Perpetual Motion

Her job is dressing windows in a store that sells soap. The display has a statue of a Closewool Sheep because the soap is made of sheep’s milk from Devon England. The sheep looks like a real sheep and she’s relieved when she touches the fiberglass fur. The owner explains that she must never finish dressing the window because he wants people to watch her and be drawn into the store. She is right for the job, he says, looking at her sweater. Not too much and not too little. He’s a short man who eats Chinese take-out, noodles dripping from chopsticks like a mustache. He brings her to the window and shows her a large wooden spice cabinet with a plethora of little drawers. He explains she must put things in and out of the drawers all day. He says she must like perpetual motion.
She has taken the job to wrangle her way out of career counseling that her divorcing husband wants her to have in case it discovers she has a hidden talent for getting rich and he won’t have to contribute to child support. In real life she is a potter and makes most of her money around the holidays.
Don’t you want to learn more about yourself? her lawyer asked.
She said she already knew more about herself than she ever wanted to know. She would rather take things in and out of drawers. Pincushions, scraps of velvet, pop-up boxes that say I love you, whatever the owner gives her. A homeless man on the mall’s fake cobblestones watches her all day and bows when she leaves at night. The soap is scattered on straw—small white pillows that look like packages that contain themselves, bursting with the fragrance of lilacs. Sometimes she brings a few for her teenage daughters who, since the break-up, rummage for what might make them happy—neon hair dyes, food fads, errant boyfriends. The soap makes them happy.
She likes the perpetual motion of taking out and putting back. It makes her feel like she’s part of the sea, the way waves have a relentless rhythm. She learns the secrets of each wooden drawer, places that stick, angles that make them easier to open or close. She rifles through the night table on what used to be her husband’s side of the bed and adds to the drawer foreign coins, rusted keys old receipts, rubber bands. Over time, the drawers contain parts of his life— intimate parts that don’t reveal that much. You know he’s been to Mexico, bought a toothbrush at Target. You know he clips his nails and had a martini at the Olive Garden These reminders are a pleasant part of her day and neutralize the unhappy times when the two of them meet with lawyers.
One day there are pickets outside the window. It turns out the soap doesn’t come from England but from a factory in India that hires children. She can’t continue perpetual motion but must sit by the sheep and raise her fist in solidarity. There is a familiar face in the crowd, the face of her husband twenty years ago. It isn’t her husband, just someone who looks the way he once looked and smiles at her the way he once did. There’s a breeze playing with his hair and this makes him seem like he’s part of the weather. He is holding a sign that says Let’s Never Forget the Children.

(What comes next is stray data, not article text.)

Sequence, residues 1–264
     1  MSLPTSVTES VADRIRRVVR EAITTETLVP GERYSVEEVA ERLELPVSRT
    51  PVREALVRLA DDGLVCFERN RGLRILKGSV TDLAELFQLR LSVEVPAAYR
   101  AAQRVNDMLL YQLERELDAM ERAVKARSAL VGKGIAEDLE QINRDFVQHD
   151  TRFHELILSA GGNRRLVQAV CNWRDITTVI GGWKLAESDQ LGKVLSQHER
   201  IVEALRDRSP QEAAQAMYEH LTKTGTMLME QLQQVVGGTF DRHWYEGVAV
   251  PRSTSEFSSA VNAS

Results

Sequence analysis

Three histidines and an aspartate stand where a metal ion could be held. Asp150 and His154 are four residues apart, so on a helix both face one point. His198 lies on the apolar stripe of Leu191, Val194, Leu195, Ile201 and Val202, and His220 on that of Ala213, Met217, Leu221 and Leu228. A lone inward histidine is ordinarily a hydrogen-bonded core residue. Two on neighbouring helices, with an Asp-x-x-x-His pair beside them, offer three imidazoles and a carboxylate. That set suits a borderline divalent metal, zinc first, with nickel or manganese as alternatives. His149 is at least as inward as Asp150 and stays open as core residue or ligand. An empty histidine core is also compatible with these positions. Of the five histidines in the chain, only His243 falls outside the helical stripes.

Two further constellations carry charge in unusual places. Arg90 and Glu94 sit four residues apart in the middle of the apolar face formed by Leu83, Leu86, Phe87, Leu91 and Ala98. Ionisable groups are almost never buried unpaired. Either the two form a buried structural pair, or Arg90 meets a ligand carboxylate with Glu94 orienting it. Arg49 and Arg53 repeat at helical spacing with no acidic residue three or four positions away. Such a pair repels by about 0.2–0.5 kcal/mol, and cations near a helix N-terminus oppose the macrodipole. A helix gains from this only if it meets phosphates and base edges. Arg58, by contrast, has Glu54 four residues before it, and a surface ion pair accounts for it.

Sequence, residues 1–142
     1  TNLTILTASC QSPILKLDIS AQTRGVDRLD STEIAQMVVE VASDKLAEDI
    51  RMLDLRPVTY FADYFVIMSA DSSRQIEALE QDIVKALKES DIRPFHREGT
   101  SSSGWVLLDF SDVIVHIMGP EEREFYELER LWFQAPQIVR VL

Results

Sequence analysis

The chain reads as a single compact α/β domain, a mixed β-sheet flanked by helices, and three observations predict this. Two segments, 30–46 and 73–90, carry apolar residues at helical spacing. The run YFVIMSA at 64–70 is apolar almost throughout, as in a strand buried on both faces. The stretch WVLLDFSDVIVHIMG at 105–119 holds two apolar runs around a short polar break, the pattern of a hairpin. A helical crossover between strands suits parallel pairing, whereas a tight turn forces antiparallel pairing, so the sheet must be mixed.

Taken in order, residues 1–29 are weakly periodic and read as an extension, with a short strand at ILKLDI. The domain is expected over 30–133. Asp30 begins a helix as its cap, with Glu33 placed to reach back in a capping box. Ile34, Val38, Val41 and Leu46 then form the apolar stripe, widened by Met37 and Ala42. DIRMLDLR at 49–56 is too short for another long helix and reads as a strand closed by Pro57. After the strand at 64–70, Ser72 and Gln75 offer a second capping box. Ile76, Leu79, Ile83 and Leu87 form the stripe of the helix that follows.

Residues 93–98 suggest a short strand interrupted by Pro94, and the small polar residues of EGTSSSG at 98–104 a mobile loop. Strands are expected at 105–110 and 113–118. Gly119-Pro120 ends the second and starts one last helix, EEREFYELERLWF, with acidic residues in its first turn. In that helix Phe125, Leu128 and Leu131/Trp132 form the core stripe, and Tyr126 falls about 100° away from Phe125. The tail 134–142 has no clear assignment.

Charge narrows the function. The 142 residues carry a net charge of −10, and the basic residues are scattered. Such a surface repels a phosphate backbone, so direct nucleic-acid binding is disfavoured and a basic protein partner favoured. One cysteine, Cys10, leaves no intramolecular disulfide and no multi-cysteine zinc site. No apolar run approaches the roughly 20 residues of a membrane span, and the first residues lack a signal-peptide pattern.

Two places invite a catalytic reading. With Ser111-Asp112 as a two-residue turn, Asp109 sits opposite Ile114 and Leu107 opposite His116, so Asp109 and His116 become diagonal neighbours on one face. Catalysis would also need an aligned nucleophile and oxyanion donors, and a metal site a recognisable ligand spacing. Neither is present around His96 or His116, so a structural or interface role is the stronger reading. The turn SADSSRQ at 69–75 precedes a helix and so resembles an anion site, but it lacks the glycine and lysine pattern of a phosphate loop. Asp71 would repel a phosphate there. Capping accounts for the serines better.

When the crowd empties, she gathers everything in a paper bag, scoops up soap, and goes to the back of the store where the owner is drinking scotch. He says the protesters get their news from a rival spice company and he’s going to start a price war. She tells him she’s quitting and leaves by a back alley where the ground is covered with fresh snow and the sky has stars like ice-flowers. It’s so quiet she can hear her husband’s keys rattling inside the paper bag, a gentle rattling she once heard outside their door on nights when he couldn’t wait to come home. She imagines that he’ll be home when she gets there—the current version of himself, not the face in the crowd. But it’s just her daughters, who open the windows to get rid of the smell of pot and banish their current boyfriends to the basement. They open the bag and scoop up soap after soap. It’s fragrant with Indian lilacs. She doesn’t tell them it was made by children.

Thaisa Frank grew up in the Midwest and the Bronx, the granddaughter of a Presbyterian theologian and a Rumanian Chassid, who consulted each other about Aramaic texts. Her father was a professor of medieval English and her mother a director of small theater groups. Books include: Enchantment, Heidegger’s Glasses, Sleeping in Velvet, A Brief History of Camouflage, and The Train to the End of the World.